Frequently Asked Questions about Montessori Education
Why are Montessori classrooms multi-aged?
The multi-aged aspect is intentional and integral to the Montessori experience. Not only does it provide children with an environment which mirrors the real world, but it also allows children to both lead and follow. The multi-aged classroom blends academic, social and emotional contexts together for robust developmental benefits, builds stronger relationships with teachers over multiple years and allows children the freedom to learn at their own pace.
Are Montessori children successful later in life?
Montessori Research studies show that Montessori children are well prepared for later life academically, socially, and emotionally. In addition to scoring well on standardized tests, Montessori children are ranked above average on such criteria as following directions, turning in work on time, listening attentively, using basic skills, showing responsibility, asking provocative questions, showing enthusiasm for learning, and adapting to new situations
Are Montessori schools religious?
No. Montessori educates children without reference to religious denomination. As a result, our classrooms are extremely diverse, with representation from all peoples, cultures and religions.
Is Montessori a franchise? Who can open a Montessori school?
The term Montessori is not trademarked and anyone, regardless of training, experience or affiliation can open a “Montessori” school. It is essential that parents researching Montessori act as good consumers to ensure the authenticity of their chosen program.
Who accredits Montessori schools?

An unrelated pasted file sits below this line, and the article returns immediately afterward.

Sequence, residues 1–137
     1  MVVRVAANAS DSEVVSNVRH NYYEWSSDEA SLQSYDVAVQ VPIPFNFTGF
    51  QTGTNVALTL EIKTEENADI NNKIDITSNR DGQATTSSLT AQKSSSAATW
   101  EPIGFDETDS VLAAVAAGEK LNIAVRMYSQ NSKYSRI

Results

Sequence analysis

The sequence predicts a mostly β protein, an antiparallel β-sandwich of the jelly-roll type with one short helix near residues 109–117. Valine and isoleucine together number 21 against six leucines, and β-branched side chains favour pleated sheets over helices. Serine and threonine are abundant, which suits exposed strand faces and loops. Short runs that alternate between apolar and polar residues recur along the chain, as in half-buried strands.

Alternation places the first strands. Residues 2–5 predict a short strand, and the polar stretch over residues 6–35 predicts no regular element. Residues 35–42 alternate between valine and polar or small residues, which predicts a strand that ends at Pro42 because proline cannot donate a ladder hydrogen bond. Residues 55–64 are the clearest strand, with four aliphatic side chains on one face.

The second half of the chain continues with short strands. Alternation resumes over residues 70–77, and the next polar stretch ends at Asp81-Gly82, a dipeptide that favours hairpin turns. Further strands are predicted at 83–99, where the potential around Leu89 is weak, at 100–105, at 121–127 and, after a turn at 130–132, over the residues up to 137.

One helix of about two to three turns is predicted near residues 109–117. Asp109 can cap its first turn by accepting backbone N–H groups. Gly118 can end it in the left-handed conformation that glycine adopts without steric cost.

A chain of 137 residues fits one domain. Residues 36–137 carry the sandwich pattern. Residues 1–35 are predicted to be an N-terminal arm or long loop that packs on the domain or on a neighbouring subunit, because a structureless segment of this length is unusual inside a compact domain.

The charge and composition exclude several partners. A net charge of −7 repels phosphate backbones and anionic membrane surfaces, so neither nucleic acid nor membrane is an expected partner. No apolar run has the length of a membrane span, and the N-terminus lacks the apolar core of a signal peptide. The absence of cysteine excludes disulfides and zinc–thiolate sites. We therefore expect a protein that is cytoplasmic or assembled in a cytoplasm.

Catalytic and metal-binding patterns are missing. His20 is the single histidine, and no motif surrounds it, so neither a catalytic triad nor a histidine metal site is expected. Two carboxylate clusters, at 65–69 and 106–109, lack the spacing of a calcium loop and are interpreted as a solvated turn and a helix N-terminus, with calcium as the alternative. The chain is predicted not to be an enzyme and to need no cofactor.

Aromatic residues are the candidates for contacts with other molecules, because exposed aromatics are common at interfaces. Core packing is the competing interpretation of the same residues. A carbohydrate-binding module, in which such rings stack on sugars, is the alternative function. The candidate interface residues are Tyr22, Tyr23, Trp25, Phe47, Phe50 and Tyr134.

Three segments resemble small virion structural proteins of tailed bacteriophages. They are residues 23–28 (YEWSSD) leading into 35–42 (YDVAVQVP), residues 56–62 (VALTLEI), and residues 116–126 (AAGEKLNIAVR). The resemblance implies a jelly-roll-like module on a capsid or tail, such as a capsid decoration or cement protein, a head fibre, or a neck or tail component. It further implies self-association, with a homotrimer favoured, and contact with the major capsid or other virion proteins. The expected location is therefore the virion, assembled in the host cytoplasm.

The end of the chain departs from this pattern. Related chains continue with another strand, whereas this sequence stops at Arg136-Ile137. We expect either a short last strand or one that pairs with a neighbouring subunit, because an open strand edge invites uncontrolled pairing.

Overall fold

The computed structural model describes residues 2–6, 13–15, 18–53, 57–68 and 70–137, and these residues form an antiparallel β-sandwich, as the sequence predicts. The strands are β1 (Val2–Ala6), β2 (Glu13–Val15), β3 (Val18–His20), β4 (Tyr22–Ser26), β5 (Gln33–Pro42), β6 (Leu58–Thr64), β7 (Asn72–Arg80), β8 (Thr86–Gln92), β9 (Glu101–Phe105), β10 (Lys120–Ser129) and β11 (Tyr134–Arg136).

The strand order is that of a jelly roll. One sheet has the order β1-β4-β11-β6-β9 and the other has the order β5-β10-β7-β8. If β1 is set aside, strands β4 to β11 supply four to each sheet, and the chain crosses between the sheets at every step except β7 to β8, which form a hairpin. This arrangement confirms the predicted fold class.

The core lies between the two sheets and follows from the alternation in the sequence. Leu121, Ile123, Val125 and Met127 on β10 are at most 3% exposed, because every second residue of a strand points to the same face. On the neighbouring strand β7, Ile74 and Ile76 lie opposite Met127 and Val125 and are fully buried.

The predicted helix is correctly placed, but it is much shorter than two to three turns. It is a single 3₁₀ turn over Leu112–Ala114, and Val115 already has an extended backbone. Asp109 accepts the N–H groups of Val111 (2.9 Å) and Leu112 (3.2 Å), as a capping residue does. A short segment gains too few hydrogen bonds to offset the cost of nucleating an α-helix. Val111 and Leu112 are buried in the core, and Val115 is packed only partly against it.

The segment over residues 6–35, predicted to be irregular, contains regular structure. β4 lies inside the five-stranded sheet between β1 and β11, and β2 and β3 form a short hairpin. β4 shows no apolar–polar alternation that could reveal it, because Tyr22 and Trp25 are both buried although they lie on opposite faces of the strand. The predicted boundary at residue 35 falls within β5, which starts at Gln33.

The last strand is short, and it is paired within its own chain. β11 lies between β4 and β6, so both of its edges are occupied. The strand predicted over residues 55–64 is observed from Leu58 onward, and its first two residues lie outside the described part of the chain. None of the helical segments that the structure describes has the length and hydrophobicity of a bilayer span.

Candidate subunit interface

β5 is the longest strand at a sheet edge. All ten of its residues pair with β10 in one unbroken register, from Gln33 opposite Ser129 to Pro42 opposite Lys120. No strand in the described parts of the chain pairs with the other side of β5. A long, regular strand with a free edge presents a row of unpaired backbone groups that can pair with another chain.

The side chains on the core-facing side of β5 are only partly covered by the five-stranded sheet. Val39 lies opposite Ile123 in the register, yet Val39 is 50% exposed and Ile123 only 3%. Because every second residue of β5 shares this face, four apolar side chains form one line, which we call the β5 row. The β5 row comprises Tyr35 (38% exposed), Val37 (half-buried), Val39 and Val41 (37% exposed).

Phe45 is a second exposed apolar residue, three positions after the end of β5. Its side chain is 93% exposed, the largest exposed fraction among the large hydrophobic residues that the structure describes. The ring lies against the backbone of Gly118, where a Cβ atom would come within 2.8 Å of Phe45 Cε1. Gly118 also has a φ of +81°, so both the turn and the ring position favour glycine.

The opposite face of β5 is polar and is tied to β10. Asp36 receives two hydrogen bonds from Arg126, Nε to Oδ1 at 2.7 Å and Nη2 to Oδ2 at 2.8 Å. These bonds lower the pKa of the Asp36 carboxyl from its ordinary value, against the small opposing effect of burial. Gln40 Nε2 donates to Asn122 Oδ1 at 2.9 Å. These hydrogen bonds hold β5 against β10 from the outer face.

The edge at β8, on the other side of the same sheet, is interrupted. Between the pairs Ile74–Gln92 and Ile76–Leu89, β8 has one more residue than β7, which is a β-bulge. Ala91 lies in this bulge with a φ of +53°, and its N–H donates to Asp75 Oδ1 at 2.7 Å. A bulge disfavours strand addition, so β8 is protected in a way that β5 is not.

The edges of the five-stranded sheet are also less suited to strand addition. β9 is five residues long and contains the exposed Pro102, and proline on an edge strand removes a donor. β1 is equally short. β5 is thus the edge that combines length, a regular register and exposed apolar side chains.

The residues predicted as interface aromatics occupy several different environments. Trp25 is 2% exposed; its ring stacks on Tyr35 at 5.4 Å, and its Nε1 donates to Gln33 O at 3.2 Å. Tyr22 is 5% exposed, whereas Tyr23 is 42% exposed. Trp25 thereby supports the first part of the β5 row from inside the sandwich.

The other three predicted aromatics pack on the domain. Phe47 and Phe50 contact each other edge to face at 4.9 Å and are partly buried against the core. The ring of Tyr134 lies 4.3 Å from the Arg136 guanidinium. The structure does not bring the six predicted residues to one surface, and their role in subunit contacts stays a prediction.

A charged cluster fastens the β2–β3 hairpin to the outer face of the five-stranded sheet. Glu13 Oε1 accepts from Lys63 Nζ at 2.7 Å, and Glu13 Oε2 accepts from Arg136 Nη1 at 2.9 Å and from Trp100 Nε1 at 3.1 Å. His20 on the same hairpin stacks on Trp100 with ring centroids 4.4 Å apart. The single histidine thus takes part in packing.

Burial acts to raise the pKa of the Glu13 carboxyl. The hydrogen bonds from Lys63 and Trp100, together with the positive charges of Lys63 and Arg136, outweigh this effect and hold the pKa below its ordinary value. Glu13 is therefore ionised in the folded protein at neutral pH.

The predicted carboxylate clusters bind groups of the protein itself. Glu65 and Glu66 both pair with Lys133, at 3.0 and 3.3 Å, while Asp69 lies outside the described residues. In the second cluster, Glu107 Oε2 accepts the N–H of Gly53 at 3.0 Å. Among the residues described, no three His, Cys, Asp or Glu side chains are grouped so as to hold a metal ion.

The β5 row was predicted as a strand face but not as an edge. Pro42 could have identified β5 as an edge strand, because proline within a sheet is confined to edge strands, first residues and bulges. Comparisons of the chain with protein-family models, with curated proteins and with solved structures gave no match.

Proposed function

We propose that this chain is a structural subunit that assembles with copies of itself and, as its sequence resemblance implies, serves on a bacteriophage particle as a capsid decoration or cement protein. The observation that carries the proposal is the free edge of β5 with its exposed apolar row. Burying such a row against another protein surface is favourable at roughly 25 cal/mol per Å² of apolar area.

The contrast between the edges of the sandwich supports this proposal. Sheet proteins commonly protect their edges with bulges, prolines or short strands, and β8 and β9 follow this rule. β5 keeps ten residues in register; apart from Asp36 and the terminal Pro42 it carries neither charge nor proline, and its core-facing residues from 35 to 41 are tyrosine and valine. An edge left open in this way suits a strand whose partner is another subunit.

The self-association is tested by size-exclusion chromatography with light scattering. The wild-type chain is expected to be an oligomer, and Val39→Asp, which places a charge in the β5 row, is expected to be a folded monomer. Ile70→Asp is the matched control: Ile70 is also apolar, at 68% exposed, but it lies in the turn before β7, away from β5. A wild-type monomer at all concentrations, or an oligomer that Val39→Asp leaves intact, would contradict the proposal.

Dr. Montessori founded the Association Montessori Internationale in 1929 to preserve her legacy. AMI ensures that Montessori schools and teachers are both well-grounded in the basic principles of the method and ready to carry those principles forward in the modern educational world. AMI offers teacher training and conferences, approves the production of Montessori materials and books, and, through their AMI-USA branch office, accredits school
Since Montessori classrooms emphasize non-competitiveness, how are students adequately prepared for real-life competition later on?
Montessori classrooms emphasize competition with oneself: self-monitoring, self-correction, and a variety of other executive skills aimed at continuous improvement. Students typically become comfortable with their strengths and learn how to address their weaknesses. In older classes, students commonly participate in competitive activities with clear “winners” (auditions for limited opera roles, the annual spelling bee, etc.) in which students give their best performances while simultaneously encouraging peers to do the same. It is a healthy competition in which all contenders are content that they did their best in an environment with clear and consistent rules.
What is SCMS’s philosophy regarding standardized testing?
St. Croix Montessori students encounter their first standardized exam in the fourth grade. These exams are used to benchmark progress against a national average and our students take one test per year from fourth to sixth.
How do teachers know students are getting the assistance they need?
The combination of work choice and an expanding set of materials give students the responsibility to independently chart their time in the classroom. By not having the directive to keep all children moving to the same task at the same time, Montessori teachers utilize the opportunity to observe the classroom, move from child to child, provide assistance and present new materials when needed. By having daily interactions with every student, the teacher is fully aware of where each student is, and where they are headed on their developmental journey.
Outside of the academic school year, are there offerings of summer programming?
SCMS offers summer camp programming for Toddlers – third grade. Children in the Toddler Community will be experiencing days which are very similar to their days during the academic school year while students from Children’s House – third grade will experience an outdoor nature based environmental camp guided by weekly themes. Information about summer programming can be found on our Summer Camp page.